Set small achievable goals

Do you prefer spending Friday nights indoors alone – with a good book, movie and wine – rather than being out at a noisy, crowded bar with people you don’t know? Being an introvert doesn’t necessarily mean you’re shy; it means you get your energy from being alone, rather than gaining energy from other people around you.

It’s common that you may have a harder time in social situations than your extroverted counterparts. Yet being an introvert has many positive aspects: you’re a great listener, and you allow quiet space for creative endeavors and learning about yourself. However, not speaking up or showing your leadership skills at work can hinder your success, and sometimes people might pin you as standoffish or aloof.

Embrace your introverted self – always. But, when it comes to getting ahead with meeting friends, networking or climbing the ladder at work, there’s always room for improvement – here’s how to cope with social anxiety:

Chime in.

Whether you’re in a meeting or at cocktail hour with friends, contribute to the conversation. Tell yourself you’ll comment a few times during the exchange…and if you can’t think of anything to say, ask a question.

Create a Character.

Sometimes we don’t have the energy to dive right in and start talking to people. Creating a character will help. It doesn’t mean you don’t have to be yourself; but creating a version of yourself that’s more inquisitive or talkative is extremely helpful in work situations, for example.

Ask Questions.

When in doubt, ask a question. Introverts are great listeners and they want to know more about the world, so vocalize the thoughts running in your head. If you want to get to know someone better, ask them open-ended questions about whatever they seem to be interested in – anything from pets or significant others to hobbies or work! Give them a change to talk about themselves, which many people love. If you’re at work, ask how you can help contribute to a project.

Let Yourself Unfold Naturally

Just like a lotus flower opening, so do we too open slowly and beautifully. Don’t expect yourself to become a social butterfly overnight; rather take things one step at a time. Perhaps the first week you tell yourself you’ll begin to ask questions during your meetings, or you’ll strike up a conversation with the person next to you at the coffee shop, and the next week you can work on something else. Journal and progress how you’re unfolding and what you’ve learned.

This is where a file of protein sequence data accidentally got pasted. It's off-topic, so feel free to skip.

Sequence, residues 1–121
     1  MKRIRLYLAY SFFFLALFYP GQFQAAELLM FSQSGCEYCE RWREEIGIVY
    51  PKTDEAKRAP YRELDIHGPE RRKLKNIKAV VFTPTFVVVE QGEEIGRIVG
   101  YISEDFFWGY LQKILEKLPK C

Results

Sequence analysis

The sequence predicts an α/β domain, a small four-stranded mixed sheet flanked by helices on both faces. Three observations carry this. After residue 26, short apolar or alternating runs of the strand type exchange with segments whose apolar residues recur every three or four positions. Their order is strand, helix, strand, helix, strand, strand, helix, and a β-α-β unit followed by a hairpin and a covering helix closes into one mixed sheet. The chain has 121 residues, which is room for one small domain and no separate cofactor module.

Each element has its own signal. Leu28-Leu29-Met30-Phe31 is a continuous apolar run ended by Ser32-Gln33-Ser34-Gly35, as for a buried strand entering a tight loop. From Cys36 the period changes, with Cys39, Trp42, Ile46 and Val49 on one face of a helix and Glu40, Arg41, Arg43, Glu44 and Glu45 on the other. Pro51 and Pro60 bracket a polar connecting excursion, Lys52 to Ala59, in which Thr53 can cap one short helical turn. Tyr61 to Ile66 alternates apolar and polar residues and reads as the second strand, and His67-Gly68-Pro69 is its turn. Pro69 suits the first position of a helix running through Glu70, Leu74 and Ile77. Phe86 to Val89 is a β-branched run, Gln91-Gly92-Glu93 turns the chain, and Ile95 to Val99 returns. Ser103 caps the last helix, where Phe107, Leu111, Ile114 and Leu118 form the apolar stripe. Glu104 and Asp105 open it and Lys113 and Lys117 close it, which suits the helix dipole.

Change Your Mindset.

Rather than looking at an upcoming social situation as scary or threatening, reframe your mindset so that you can look at it as exciting. Almost like an actor getting ready to perform, those butterflies in your stomach can be a good thing. Adapting an “opportunity mindset” versus a threat mindset will help us see the upcoming situation as new and exciting, rather than terrifying, so that it will help us grow and learn.

The infamous poem by Erin Hanson eloquently represents this tactic:

“There is freedom waiting for you,

On the breezes of the sky,

And you ask “What if I fall?”

Oh but my darling,

What if you fly?”

Every day is a new day.

Maybe you fall flat on your face, or you encounter a not-so-friendly person at your first try. Luckily, the sun also rises. Treat every new day with a fresh clean slate, and track your progress. More than anything, you’re getting to know yourself on a deeper level through other people – something you can’t achieve alone.

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